Why You Should Be Doing House Shows
Category: Live Performance
**Guest post written by Wade Sutton of Rocket to the Stars.
“When you take into consideration how many singers and musicians complain about the current state of artist-venue relationships, you would think most performers would jump at the opportunity to explore alternative methods of putting on shows and generating income. Stop for a moment and think about how often you have heard an artist, maybe even yourself, bitching about having to fight to get booked at a venue, venues not paying you what you think you deserve, or disagreements with venue operators over which party had a greater responsibility to promote a show, etc.
I’m here to tell you that there IS an alternative live show model, house shows, that many artists ARE having a great deal of success with. But what amazes me is that more artists aren’t doing them, mostly considering house shows take several disadvantages of the more common club/bar shows and tips them in the artists’ favor. So I reached out to somebody for answers…
…Meet Madalyn Sklar…
“Work smarter, not harder” is the saying etched on the keystone of everything Madalyn Sklar teaches her clients and followers. With an extensive background in social media and marketing, Madalyn is the creator of GoGirls Music, a web-based community designed to promote, support, and empower female artists throughout the United States and around the world. She also serves as a blogger, music business coach, and social media consultant (to artists of both genders). Oh…and Curve magazine named her one of the Ten Most Powerful Women in Music and she has moderated music panels at several events, including SXSW in Austin, Texas.
…Shows on the artists’ terms…
The idea of a house show is to take an artist’s live performance out of the more traditional club or bar setting and place it in a more intimate environment such as somebody’s house. No more haggling with venue owners. No more concerns about using the venue’s sound system (and possibly unreliable sound technician). No more competing for attention with that night’s playoff game airing on the televisions over the bar. The entire concept of the house show places in the hands of the artist nearly complete control of everything that goes on, according to Madalyn.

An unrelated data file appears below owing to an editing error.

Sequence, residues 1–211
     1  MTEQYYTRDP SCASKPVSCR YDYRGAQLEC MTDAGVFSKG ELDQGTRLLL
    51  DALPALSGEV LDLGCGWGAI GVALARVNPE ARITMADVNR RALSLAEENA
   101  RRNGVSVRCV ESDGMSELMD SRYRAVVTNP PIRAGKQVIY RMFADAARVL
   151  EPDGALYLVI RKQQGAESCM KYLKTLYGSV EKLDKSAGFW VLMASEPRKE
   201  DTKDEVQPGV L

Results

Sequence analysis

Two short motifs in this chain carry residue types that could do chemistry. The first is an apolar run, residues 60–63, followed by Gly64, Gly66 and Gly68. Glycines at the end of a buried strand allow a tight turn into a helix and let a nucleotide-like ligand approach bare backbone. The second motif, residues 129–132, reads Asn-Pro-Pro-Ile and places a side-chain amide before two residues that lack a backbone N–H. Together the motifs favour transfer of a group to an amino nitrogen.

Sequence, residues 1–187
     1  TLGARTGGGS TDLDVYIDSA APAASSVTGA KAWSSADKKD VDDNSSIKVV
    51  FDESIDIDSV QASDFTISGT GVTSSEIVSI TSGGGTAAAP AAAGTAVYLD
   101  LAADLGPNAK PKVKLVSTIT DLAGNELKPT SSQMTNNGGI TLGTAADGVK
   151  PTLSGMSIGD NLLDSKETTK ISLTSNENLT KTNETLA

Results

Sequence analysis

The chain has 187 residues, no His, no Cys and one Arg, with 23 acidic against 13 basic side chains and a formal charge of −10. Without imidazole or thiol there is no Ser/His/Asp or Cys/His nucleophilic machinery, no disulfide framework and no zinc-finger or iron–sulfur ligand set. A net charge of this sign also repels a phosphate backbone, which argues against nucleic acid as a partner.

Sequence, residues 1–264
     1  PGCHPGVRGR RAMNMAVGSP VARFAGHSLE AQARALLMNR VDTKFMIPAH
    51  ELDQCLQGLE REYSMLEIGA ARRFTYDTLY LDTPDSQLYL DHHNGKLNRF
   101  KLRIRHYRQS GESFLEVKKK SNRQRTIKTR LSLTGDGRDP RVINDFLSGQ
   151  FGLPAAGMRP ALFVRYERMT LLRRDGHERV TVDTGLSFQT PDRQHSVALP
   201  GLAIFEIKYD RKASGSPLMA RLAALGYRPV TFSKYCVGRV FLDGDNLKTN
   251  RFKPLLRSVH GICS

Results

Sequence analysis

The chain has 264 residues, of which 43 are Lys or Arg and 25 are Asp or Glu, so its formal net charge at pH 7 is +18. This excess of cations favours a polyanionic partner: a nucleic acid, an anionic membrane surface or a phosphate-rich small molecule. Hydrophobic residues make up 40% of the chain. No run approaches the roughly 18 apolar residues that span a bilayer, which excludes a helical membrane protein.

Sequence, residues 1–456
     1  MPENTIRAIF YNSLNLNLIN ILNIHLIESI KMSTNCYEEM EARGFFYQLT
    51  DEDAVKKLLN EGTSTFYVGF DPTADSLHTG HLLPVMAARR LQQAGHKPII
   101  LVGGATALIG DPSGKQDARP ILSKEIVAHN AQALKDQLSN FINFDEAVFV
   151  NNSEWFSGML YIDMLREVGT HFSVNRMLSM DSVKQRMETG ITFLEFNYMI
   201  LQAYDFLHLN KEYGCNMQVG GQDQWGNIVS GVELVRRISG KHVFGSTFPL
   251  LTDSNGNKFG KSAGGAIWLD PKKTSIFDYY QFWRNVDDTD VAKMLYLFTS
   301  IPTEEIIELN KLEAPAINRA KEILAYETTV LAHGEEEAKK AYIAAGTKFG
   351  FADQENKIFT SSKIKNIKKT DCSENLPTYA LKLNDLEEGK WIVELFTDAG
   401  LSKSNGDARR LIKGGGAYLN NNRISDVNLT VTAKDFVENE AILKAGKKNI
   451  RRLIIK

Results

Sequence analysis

“You have a model where the artist books the house shows by finding super fans willing to host it,” Madalyn says. “And the artist can go so far as to create a checklist with everything on it from how to market the house show to how to set it up.”
The most common way house shows are being organized, at least at the moment, is having bands work through a “presenter”. The presenter runs point on everything with the show, addressing the needs of the artist and making sure the show is organized in a manner conducive to the artist’s wishes. While it is common to have a presenter be a fan of the artist or band, professional promoters are starting to add “house show presenter” services to their own offerings.
“Usually people coming to the show are asked to pay around $20,” Madalyn explained further. “And that is typically presented as a donation. The presenter of the show keeps a small percentage of the money to cover expenses like food and drinks but the artists also have their merchandise table set up. So they make money at the door and at the merchandise table.”
A business model like this SHOULD be extremely attractive to a lot of artists, particularly soloists looking to do more acoustic shows in an effort to build up their fan base and bring in some more money. Put it into perspective: A soloist does a one-hour house show attended by, say, thirty people. That is $600 at the door, most of which is pocketed by the artist. Put on a good show and mingle with people and maybe you move $100 in merchandise and half of those people sign up for your e-mail list. That means you walk away from a one-hour show with just shy of $700 and a handful of new e-mail subscribers whom not only can you now market to directly, but those new fans might also be future presenters for additional house shows later in the year.
And you do it all without the common stresses and aggravations typically brought on by performing at a bar or a club. So how much success are artists having with house shows?